Both men indicated the main frame of the scaffold was tight against the side and rear walls of the air shaft and the "open side" or "work side" had approximately two feet between the edge and the wall on which they were working. (Cl.'s 2004 EBT, p 40; Perry's EBT, pp 13-14). Further, both men indicated that after the outriggers and planks were put in place on the "open side" or "work side", then only three to four inches of space existed. (Cl.'s 2004 EBT, p 40; Perry's EBT, pp 13-14).

Mr. Perry had completed his work on the fifth level and claimant and Mr. Perry were preparing to raise the foot planks to the next level for the mason to continue working which is the very way in which it was contemplated that the scaffold would be used. (Perry's EBT, p 12). Claimant described his own position just prior to his fall as follows: "I had one leg wrapped around the main frame and I had my knee bent. I was kneeling, I believe, on the boards on the main frame." (Cl.'s 2004 EBT, p 34). Claimant further described the accident as follows:

[Mr. Perry] had worked as high as he could comfortably at the level and we proceeded to move the outriggers and plank up. I put one plank on top of the other on my left shoulder and the mason moved the outrigger up. My back was to him. He went to move the plank and outrigger on the other end. I slid the plank ahead because I lacked a bit to reach the outrigger. I didn't realize at the time but they slid off the other end and when they did, it pulled me down.

***

I was holding a - - two plank about eight and a half feet long. They had a lot of mortar on them from the previous days and they froze to pretty heavy. I was holding about sixteen inches from the end. They had a lot of leverage when they slid. The area where the outriggers are was open right to the basement so they [the planks] pulled me into that shaft.

(Cl.'s 2003 EBT, p 6).


So, as explained by claimant, he fell into the space previously occupied by the outriggers and planks. In other words, when the outriggers and planks were in place, the scaffold was tight up against all four walls inside of the air shaft, including the "open side" or "work side". However, according to claimant, "[w]e were in the process of moving them [outriggers and planks] and it's a two foot space between the main frame and the [working] wall and that's where the outriggers are and the planks are. They pulled me into that two foot space when they fell off." [Cl.'s 2003 EBT, pp 43-44; emphasis added]. It is undisputed that claimant was not wearing a safety line, belt, harness, or lanyard nor was he tied-off in any manner at the time of this accident. Claimant fell approximately thirty feet to the ground suffering, among other things, a dislocated left shoulder.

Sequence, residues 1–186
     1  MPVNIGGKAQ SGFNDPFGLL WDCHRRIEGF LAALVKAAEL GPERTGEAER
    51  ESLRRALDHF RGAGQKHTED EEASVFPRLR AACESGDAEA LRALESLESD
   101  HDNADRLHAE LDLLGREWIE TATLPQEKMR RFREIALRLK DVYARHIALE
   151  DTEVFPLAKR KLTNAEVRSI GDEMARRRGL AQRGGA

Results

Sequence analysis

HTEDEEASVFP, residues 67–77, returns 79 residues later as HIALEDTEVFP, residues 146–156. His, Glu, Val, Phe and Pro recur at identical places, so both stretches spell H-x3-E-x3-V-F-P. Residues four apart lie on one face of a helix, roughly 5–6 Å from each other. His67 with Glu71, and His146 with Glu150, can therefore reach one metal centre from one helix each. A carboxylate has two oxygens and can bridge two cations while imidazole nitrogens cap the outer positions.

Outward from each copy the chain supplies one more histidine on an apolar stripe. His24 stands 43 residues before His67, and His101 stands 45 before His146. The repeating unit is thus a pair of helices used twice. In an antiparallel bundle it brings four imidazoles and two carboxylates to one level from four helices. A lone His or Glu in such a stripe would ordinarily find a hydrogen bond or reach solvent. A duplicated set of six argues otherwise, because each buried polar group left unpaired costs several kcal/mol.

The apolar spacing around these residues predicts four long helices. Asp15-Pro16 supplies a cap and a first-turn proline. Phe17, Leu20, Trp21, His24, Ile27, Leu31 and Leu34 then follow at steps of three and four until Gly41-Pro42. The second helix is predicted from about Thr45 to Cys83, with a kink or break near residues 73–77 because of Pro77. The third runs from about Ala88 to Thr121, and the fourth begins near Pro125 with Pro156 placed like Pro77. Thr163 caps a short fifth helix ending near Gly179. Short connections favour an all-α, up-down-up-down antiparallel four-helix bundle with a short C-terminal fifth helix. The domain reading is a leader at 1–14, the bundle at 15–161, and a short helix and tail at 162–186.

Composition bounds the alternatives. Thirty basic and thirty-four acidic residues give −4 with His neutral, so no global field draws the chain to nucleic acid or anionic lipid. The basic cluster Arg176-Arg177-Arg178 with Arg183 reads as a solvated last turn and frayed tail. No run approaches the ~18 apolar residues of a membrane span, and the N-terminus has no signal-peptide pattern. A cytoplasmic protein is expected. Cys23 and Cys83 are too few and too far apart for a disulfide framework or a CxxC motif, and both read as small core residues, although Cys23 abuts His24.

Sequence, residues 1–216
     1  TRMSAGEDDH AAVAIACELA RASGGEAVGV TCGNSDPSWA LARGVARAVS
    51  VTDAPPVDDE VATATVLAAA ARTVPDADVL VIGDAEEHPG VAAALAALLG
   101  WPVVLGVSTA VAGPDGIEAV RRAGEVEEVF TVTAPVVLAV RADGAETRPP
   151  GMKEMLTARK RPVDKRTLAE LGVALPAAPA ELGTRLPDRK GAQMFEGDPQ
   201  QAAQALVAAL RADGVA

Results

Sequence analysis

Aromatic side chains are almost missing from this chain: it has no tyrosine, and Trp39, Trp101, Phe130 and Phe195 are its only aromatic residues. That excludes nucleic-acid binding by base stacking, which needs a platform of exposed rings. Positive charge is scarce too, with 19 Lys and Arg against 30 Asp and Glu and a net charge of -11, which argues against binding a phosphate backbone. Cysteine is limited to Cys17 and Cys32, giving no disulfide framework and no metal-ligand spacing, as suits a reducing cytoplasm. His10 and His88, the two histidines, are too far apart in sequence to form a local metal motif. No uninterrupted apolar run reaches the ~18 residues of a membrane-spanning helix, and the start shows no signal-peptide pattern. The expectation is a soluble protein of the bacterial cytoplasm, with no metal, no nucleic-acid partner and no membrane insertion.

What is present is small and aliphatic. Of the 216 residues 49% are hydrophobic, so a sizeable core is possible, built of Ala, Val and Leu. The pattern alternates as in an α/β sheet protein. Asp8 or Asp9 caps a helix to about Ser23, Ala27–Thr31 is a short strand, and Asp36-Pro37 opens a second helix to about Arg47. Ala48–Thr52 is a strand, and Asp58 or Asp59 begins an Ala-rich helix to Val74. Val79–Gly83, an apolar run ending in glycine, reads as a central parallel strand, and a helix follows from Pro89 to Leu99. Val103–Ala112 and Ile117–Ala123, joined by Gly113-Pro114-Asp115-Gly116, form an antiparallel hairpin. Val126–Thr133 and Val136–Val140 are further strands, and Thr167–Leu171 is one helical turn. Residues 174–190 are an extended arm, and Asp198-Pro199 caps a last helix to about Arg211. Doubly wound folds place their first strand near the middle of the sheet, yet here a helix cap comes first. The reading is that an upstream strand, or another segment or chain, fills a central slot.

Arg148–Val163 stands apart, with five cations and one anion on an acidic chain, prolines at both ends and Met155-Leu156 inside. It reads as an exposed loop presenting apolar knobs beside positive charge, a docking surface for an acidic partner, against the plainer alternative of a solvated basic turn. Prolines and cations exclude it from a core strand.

Claimant served a notice of intention on the attorney general on January 29, 2003. Two claims were filed in connection with this matter. The first claim was filed with the Clerk of the Court on February 2, 2004 and was designated as Claim No. 108853. The State filed a Verified Answer on March 11, 2004. A second claim was filed on March 16, 2004 and designated as Claim No. 109048. Claimant attempted to informally withdraw Claim No. 108853 in a letter to the Clerk of the Court dated April 30, 2004. (Court Exhibit #1). However, no formal stipulation of discontinuance was ever filed pursuant to CPLR 3217. As such, the court will deem the motion and cross-motion as addressing both claims.

DISCUSSION
  1. Labor Law 200 and common-law negligence
Labor Law 200 is "[a] codification of the common-law duty of an owner or contractor to exercise reasonable care to provide workers with a safe place to work [citations omitted]." (Miller v Wilmorite, Inc., 231 AD2d 843, 843). However, it is well-settled that "[g]eneral supervisory authority at the work site for the purpose of overseeing the progress of the work and inspecting the work product has been found insufficient to establish a cause of action under Labor Law § 200 [citations omitted]." (Riccio v Shaker Pine, 262 AD2d 746, 748, lv dismissed 93 NY2d 1042).